"When you’re living by default, you’re automatically reacting to life in habitual ways, many of which may be limiting you. Living deliberately means making more conscious life choices. You’ve taken yourself off autopilot, so you’re better prepared to align your actions with the results you want." – Lauren Mackler from Solemate: Master the Art of Aloneness and Transform Your Life
The law of cause and effect is one of life’s great truisms. When applied to human behavior, it means that through our actions, we generate outcomes. Yet, most people behave as if cause and effect didn’t exist. They live on autopilot, reacting to events without considering the results of their actions or the role they’ve played in creating their lives.
Living deliberately means being aware in each moment, and aligning your mind and actions with the outcomes you want. If you’re reacting to life on autopilot—what I call living by default—there’s a good chance that your thoughts and behaviors are out of sync with the results you desire.
To better understand the connection between your thoughts, actions, and circumstances, ask yourself three very basic questions:
How am I treating myself?
What kind of messages am I sending to myself?
What kind of relationships am I creating?
When you start answering these questions, you’re apt to find that your thoughts and behaviors are at cross-purposes with your desires. Below are a few examples.
How am I treating myself? Let’s say you want to have the motivation and energy to fully engage in your life. But if you’re tired, in a depleting job, or not taking good care of yourself, it’s going to diminish your ability to create and sustain an active life. So, where do you begin? You begin with yourself. Think about how you’re treating your body and what you need to do to have more energy and motivation. This means making better choices about what you eat and drink—and what you’re not going to eat and drink—as well as healthy choices about exercise and sleep.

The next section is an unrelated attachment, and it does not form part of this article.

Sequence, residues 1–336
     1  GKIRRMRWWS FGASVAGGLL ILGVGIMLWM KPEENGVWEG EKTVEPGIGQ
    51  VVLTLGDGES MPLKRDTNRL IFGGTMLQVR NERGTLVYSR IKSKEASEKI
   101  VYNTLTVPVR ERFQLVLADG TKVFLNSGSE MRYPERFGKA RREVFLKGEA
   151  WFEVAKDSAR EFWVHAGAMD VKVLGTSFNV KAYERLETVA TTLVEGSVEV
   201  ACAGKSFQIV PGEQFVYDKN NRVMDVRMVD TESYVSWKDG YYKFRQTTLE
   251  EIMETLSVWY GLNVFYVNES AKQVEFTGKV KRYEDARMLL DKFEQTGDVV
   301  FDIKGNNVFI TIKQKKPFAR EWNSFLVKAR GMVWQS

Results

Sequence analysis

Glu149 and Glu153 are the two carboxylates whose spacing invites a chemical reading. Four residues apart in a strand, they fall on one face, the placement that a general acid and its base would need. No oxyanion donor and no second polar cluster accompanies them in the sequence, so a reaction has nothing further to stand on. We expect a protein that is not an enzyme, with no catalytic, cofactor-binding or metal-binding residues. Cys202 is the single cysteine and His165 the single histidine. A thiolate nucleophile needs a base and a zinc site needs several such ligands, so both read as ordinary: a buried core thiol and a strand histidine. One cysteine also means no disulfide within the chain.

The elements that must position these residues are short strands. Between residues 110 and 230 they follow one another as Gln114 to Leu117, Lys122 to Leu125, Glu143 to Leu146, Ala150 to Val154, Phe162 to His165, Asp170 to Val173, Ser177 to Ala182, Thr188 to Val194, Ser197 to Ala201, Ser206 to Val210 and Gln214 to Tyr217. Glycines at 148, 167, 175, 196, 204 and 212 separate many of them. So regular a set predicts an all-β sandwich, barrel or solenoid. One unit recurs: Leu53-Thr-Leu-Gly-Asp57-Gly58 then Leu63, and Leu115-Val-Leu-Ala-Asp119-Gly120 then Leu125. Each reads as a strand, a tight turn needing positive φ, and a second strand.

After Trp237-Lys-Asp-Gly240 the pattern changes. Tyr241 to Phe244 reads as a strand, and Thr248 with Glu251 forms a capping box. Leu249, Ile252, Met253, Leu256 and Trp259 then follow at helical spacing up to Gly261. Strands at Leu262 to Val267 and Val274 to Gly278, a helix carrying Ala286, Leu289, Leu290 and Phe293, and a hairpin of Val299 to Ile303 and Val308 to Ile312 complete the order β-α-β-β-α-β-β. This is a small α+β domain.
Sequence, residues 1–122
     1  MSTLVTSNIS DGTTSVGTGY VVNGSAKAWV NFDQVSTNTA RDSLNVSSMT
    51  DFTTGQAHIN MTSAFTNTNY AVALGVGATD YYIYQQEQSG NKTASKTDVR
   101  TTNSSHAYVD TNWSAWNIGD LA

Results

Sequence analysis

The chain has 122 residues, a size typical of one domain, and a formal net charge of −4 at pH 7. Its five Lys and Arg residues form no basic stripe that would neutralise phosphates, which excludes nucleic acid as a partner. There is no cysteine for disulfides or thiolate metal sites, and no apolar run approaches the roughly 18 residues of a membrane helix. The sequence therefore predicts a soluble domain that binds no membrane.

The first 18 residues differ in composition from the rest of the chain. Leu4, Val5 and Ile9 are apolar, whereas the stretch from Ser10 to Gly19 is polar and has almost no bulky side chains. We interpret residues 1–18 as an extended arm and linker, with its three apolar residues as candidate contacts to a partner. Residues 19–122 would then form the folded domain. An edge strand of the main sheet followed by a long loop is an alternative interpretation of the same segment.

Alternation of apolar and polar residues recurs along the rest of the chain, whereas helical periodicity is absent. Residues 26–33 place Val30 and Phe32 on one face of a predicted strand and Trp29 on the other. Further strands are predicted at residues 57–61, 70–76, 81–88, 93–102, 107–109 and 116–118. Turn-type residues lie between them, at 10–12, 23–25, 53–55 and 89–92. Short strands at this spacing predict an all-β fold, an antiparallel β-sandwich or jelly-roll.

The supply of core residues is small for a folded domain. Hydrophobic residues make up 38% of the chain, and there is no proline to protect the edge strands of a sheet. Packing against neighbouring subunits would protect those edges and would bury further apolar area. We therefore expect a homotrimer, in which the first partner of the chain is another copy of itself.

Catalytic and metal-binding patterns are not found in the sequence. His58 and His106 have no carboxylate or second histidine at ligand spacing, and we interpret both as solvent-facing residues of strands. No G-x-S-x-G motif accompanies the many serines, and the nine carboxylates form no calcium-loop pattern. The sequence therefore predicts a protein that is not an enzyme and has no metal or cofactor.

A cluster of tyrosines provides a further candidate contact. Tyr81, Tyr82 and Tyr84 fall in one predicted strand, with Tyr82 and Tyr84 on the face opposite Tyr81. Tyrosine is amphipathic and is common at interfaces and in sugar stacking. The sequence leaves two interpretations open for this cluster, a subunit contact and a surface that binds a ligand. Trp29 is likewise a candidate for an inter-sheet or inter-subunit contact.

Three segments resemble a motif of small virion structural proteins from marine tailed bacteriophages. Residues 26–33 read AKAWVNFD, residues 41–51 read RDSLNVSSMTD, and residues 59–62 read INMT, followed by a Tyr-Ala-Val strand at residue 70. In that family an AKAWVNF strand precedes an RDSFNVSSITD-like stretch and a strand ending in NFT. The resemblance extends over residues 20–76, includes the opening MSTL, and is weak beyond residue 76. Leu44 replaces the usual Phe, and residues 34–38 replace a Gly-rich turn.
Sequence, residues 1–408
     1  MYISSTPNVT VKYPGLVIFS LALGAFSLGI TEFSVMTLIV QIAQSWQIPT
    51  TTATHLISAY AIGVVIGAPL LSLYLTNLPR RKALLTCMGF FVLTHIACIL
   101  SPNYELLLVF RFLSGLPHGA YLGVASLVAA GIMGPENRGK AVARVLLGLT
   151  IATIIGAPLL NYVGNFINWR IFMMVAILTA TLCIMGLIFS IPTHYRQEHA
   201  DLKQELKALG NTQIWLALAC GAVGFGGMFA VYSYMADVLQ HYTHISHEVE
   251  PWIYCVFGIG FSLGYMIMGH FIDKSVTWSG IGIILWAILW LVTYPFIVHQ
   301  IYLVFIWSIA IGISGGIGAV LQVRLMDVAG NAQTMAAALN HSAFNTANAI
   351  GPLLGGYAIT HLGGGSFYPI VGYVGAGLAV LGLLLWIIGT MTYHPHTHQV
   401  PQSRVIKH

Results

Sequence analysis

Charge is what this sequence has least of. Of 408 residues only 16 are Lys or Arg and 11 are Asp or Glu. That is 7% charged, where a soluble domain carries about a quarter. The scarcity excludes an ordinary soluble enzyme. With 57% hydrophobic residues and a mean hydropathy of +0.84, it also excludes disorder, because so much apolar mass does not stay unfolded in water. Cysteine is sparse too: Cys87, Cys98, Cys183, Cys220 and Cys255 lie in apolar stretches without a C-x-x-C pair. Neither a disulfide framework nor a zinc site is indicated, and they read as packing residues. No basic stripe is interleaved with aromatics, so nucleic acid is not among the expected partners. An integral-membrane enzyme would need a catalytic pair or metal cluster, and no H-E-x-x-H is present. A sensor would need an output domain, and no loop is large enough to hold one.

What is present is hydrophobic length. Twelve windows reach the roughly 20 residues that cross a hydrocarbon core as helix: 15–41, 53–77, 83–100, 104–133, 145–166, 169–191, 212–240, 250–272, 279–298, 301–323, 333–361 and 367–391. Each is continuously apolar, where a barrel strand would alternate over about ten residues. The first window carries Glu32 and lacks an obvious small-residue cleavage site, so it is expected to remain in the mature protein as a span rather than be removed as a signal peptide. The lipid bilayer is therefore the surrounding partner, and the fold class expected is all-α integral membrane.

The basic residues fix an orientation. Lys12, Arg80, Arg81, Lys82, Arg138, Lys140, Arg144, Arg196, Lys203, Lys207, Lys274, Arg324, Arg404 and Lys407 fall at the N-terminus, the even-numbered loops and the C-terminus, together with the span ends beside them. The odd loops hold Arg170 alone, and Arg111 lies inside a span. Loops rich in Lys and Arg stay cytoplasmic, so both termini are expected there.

What kinds of messages am I sending to myself? You may want more self-confidence, but if you constantly berate yourself, you’re eroding your self-esteem—not making it stronger. Rather than tear yourself down, send yourself messages of love and support. Instead of telling yourself, “You’re not good enough”, say, “You are intelligent and competent.” Replacing self-demeaning messages like, “Nothing ever works out for me” with, “I can create a joyful, fulfilling life” focuses the brain on what you want, and produces a more positive emotional response.
What kinds of relationships am I creating in my life? Imagine that you want uplifting friendships, but you engage in relationships in which you feel bad. Perhaps your “friends” are judgmental; maybe they don’t show up on time or always cancel plans at the last minute. You have to make a conscious decision to address these issues or discontinue the relationships. I once had a client who made a simple rule for herself when she began the process of living deliberately. That was: I’m not going to spend time with anyone who depletes me. That one decision changed the quality of her life and, of course, her relationships.
Living deliberately can become a new habit. But like any pattern you’re trying to change, it requires consistency and patience. The first step is to become aware of your thoughts and actions in each moment, invoking what I call the “observer”—the part that watches without judgment. Next, ask yourself, “What is the outcome—or possible outcome—of that thought or action?” If you find that it is at cross-purposes with what you want, replace the thought or action with one likely to produce your desired result.
Observing and re-directing your thoughts and actions takes effort and self-discipline. But if you stick with it long enough, over time, you’ll find that living deliberately—and the results that it produces—will become your new default.
copyright 2018 Lauren Mackler - all rights reserved